Handing IT departments a larger role in planning regulation strategies can reduce cost and drive business growth by removing siloes in the collation and monitoring of data, according to analysts Ovum.
Banks are having to spend increasing amounts of money in order to meet the growing mass of regulation aimed at creating stability in the sector following the financial crash in 2008. A wide range of new regulations, such as Basel III and MiFID II, have been introduced, and will require ongoing investment from banks as implementation is staggered over the next three or four years.
While there are clear disadvantages in failure to comply with regulations - exhibited in the $1.9 billion fine for HSBC's lack of data monitoring around money laundering, for example - the cost of implementation is in many cases cutting into revenue growth among banks, which are already seeing less income and cutting costs across their business.
According to Daniel Mayo, Ovum's chief analyst for financial service technology, a stronger role for IT departments in planning for meeting new regulations can help lower the costs by bringing together individual siloed projects, reducing the duplication of data across the organisation.
Currently, it is often that case that each individual regulation project is coordinated by a separate department, be it finance dealing with Basel III or compliance leading on AML, and there is often not enough communication between each area of the business, Mayo said.
"What often used to happen is that you would invest in anti-money laundering for example, and then have a separate investment in fraud, but actually 70 to 80 percent of what you are doing is the same," Mayo told ComputerworldUK at the Ovum's Financial Services Technology Forum 2013. "So you need to bring those projects together and have the same platform that allows you to do both."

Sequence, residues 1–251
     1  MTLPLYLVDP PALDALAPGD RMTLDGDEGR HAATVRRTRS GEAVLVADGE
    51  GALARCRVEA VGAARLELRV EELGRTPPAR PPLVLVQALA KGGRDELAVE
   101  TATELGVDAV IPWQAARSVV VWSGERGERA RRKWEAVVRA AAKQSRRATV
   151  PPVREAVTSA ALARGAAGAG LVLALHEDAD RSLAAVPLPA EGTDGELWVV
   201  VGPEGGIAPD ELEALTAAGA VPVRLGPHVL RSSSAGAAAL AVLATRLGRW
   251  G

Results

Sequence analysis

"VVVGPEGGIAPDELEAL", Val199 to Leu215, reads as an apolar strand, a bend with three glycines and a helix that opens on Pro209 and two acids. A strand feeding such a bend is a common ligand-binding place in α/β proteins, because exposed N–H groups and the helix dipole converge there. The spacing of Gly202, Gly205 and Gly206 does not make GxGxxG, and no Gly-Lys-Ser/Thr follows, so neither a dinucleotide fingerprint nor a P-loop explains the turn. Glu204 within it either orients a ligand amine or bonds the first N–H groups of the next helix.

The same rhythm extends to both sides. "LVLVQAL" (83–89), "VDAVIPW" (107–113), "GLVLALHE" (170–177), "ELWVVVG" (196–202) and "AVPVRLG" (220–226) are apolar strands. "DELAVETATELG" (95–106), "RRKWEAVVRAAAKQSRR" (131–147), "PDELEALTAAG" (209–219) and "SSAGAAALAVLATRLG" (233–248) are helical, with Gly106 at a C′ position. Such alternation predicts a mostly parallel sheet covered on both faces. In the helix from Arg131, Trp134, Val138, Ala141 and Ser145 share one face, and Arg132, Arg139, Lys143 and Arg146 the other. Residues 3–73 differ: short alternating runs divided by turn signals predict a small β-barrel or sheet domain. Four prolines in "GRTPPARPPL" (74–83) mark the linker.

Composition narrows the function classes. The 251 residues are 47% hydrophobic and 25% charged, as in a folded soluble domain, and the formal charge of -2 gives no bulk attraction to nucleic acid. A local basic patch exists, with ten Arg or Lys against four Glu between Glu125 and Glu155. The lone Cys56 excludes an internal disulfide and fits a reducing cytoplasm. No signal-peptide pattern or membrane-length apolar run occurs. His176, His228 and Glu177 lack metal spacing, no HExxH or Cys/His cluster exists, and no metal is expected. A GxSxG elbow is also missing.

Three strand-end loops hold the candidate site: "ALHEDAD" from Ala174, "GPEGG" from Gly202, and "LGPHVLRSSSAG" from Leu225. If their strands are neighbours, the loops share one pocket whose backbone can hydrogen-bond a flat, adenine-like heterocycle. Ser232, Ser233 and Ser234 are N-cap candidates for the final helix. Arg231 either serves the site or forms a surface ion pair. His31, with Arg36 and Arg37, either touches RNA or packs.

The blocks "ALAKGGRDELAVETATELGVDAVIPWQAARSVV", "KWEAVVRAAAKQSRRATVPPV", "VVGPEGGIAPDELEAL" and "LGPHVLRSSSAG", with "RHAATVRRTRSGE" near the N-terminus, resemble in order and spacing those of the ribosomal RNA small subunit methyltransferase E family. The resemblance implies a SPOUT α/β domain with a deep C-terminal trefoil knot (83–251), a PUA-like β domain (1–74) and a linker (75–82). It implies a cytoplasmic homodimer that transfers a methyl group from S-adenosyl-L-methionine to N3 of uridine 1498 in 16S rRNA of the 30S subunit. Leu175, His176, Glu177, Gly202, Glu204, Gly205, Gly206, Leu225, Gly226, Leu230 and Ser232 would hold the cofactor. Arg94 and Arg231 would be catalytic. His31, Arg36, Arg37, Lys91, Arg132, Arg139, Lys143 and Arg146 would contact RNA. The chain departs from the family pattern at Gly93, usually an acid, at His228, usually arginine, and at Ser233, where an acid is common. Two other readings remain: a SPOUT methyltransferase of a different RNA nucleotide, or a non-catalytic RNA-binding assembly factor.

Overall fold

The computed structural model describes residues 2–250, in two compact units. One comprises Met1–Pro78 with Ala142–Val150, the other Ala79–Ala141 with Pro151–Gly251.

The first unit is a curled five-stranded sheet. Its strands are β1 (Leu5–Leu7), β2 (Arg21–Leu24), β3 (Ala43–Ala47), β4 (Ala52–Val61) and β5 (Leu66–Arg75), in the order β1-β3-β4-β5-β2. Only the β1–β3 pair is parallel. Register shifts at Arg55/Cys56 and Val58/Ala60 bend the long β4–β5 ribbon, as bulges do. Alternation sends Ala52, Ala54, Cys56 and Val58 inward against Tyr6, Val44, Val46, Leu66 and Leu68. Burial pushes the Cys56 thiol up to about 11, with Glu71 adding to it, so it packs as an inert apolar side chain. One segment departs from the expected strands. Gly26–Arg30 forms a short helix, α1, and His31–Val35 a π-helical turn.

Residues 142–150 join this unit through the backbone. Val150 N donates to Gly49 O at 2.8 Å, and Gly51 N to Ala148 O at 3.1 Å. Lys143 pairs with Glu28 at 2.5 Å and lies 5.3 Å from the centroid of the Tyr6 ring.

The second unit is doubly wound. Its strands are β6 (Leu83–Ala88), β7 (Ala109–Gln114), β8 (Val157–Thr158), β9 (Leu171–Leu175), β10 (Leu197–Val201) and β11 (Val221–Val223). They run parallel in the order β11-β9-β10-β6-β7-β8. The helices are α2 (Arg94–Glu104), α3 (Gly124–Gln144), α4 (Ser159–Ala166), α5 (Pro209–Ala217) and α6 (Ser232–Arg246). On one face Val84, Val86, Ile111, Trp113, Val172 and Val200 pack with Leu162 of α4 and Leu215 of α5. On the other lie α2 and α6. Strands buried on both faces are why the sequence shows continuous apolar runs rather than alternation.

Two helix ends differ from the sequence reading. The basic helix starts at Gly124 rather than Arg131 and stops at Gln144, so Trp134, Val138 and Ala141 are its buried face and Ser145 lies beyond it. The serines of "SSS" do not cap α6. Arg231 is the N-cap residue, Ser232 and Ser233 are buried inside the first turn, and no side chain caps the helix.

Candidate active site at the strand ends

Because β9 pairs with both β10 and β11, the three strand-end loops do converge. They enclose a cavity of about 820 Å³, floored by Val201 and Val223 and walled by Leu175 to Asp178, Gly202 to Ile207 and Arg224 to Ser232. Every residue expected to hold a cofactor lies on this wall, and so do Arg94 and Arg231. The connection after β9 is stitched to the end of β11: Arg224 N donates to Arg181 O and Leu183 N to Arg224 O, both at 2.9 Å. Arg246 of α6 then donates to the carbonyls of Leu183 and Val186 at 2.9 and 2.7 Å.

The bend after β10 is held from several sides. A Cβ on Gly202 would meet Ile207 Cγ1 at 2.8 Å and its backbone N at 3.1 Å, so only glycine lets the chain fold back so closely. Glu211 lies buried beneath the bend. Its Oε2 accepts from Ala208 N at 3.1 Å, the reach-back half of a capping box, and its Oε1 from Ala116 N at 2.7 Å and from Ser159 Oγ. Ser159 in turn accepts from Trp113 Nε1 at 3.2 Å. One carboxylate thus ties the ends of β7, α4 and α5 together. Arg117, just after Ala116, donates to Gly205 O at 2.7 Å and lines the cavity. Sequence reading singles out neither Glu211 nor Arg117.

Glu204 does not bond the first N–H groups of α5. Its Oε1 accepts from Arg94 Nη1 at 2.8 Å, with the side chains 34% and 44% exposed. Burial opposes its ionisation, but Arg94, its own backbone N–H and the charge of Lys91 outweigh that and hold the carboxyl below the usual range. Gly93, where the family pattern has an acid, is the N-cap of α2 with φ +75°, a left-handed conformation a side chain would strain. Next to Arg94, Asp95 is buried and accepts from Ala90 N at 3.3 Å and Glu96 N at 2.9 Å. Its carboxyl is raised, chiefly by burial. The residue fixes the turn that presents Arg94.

IT, on the other hand, is well placed to create a more coordinated approach to bringing regulation projects together to share data.
"The problem is that, for example, risk isn't speaking properly with compliance or the front office, whereas IT is working with all of the different functions so is in a good position to say 'we are doing the same thing across these different divisions, let's try and do it in one project rather than two or three'," said Mayo.
"At some point you need someone who has overall control. Part of the problem is that responsibility sits between the compliance function, risk management, finance and ultimately it goes to the chief executive. But you need someone who can coordinate across those areas.
"IT has a strong supporting role because from an operation and implementation perspective they are far closer to the ground in working across an enterprise than any other area."
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